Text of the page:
As winter bites, many tenants across New Zealand will now see some benefit from the introduction of the Healthy Homes standards. Few will protest the necessity of the Healthy Homes standards; the implementation of the standards, however, has been far from perfect.
Issues around the heating standards have plagued its implementation, especially for homes built to the 2008 building code requirements. This will be of huge frustration for landlords who have had to install top-up heaters under the old standards in many new builds.
As frustrating as it has been to deal with the moving target for the Healthy Homes standards, change was necessary. The quality of much of the rental stock in New Zealand is not where it needs to be. In provincial New Zealand, many towns have aged housing stock, requiring more investment.
Typically, much of the older housing stock is used as rental accommodation. Housing depreciates, and a common mistake many investors make is that they fail to budget for future renovations. There will be standard repairs and maintenance that a landlord should budget for.
We studied our rent roll to see what landlords were spending on maintenance annually, and the sum was approximately $1,500 per annum. Plumbing, electrical, and general maintenance were the most common expenses. What landlords should also budget for is capital expenditure.
Although we’re seeing a slowdown in the housing market, many landlords would have benefited from increased capital gains, especially over the last two years. REINZ (Real Estate Institute of New Zealand) statistics show that the median house price for April 2022 was $875,000. Two years prior, just as the pandemic kicked in, the median price was $680,000. This tells us that many investors will have plenty of equity to play with. Although tax rules will hurt investors regarding interest deductibility against rental income, a prudent investor will look at using some of these gains to reinvest back into their portfolios.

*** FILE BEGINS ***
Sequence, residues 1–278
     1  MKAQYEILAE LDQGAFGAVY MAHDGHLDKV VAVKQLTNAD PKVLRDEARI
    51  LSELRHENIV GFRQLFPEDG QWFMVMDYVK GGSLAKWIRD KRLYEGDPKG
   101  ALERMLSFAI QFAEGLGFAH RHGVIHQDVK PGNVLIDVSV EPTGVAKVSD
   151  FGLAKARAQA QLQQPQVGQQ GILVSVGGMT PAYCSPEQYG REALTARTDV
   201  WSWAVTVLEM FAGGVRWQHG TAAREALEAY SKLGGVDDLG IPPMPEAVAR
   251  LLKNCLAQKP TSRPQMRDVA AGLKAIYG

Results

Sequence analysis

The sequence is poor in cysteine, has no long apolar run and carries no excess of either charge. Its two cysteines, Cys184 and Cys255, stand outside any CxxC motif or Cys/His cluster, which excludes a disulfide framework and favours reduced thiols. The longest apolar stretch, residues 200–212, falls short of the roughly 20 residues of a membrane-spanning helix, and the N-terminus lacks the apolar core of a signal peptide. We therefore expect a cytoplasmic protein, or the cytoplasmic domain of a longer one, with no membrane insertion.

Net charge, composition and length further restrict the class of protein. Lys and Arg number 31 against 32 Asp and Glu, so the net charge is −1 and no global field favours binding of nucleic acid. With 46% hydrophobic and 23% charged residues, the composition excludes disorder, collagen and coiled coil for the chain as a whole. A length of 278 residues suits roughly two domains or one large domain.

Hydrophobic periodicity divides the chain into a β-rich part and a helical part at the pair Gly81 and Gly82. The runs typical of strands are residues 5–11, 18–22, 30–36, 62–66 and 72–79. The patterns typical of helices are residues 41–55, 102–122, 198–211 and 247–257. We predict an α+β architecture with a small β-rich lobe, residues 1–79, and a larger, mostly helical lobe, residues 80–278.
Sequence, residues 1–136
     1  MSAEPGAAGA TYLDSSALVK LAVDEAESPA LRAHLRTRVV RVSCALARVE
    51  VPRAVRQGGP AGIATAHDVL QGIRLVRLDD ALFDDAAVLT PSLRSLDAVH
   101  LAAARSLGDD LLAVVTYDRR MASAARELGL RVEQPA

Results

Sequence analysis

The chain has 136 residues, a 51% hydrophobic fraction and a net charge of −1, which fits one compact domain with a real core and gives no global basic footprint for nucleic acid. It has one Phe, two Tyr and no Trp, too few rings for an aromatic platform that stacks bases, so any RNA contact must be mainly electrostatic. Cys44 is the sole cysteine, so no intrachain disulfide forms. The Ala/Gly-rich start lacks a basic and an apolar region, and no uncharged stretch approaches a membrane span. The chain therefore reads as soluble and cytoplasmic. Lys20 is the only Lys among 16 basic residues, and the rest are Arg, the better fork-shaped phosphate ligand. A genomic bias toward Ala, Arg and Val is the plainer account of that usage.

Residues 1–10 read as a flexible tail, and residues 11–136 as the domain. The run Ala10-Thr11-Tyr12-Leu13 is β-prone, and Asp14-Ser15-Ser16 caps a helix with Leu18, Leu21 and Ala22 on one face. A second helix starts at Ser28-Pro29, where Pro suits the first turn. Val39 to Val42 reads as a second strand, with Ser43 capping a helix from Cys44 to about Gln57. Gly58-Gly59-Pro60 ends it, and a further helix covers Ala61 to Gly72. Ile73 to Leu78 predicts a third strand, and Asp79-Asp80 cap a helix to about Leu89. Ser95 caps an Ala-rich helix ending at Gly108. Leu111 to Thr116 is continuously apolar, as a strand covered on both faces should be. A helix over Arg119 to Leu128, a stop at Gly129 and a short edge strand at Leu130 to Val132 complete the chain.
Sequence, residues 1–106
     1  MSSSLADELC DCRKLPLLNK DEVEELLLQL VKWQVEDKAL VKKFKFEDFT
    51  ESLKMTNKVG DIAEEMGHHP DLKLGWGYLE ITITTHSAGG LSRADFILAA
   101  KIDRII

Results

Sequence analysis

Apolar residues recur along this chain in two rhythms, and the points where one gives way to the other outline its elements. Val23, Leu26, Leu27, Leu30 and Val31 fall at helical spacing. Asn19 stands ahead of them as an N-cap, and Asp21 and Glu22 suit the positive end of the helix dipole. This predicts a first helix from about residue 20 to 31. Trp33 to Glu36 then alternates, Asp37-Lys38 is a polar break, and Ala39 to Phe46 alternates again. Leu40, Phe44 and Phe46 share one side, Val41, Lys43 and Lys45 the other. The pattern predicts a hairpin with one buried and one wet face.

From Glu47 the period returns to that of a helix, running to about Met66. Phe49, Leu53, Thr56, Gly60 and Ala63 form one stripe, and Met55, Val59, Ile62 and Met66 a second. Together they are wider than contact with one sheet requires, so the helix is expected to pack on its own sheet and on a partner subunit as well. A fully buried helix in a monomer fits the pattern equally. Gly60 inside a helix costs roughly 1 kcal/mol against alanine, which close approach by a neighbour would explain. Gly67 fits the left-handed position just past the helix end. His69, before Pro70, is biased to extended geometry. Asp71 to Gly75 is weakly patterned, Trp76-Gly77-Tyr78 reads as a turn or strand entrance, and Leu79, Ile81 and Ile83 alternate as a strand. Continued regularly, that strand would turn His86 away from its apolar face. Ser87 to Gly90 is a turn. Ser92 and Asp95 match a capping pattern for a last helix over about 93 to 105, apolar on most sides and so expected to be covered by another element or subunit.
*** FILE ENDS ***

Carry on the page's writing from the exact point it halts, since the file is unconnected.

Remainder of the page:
In doing so, they should look into the future, and the requirements tenants will need. In a recent interview, New Zealand-born Professor of Engineering at the University of Cambridge, Michael Kelly, referred to New Zealand as having a ‘Goldilocks Climate’ as we are either too hot or too cold. This can explain why housing and renting is such a pulverizing topic. We (too) often see headlines about tenants being exploited and living in squalor conditions.
Anyone looking to renovate their portfolio must now look at the changing environmental climate, both natural and political when they weigh up what to invest in. New Zealand has committed to being net carbon zero by 2050. If we are to come close to achieving this target, everyone will be affected, and our lifestyles will change dramatically. As approximately one-third of the population rent, landlords must ensure that their rental properties reduce their carbon footprint. This is where the concept of talking houses comes into play.
Significant investment in smart home devices will be required to measure a property’s performance. Technology already exists that can do this. Brandon van Blerk, the CEO and founder of prop-tech company Tether, has invented a device that tracks the property’s performance, measuring temperature and C02 emissions. Landlords and tenants can be informed when there is an issue at the property, such as rising moisture content identifying a leak. More intelligent and innovative technology will have to become mainstream in our rental stock, ensuring that tenants can run their rental properties with low emissions whilst remaining safe, warm, and dry.
If you are considering renovating your rental property, look to the future demands. Expect to see a Rental Warrant of Fitness introduced and Energy Performance Certification becoming standard on all rental properties as this will grade the energy efficiency of your investment.
David Faulkner is the General Manager of Property Management at Property Brokers.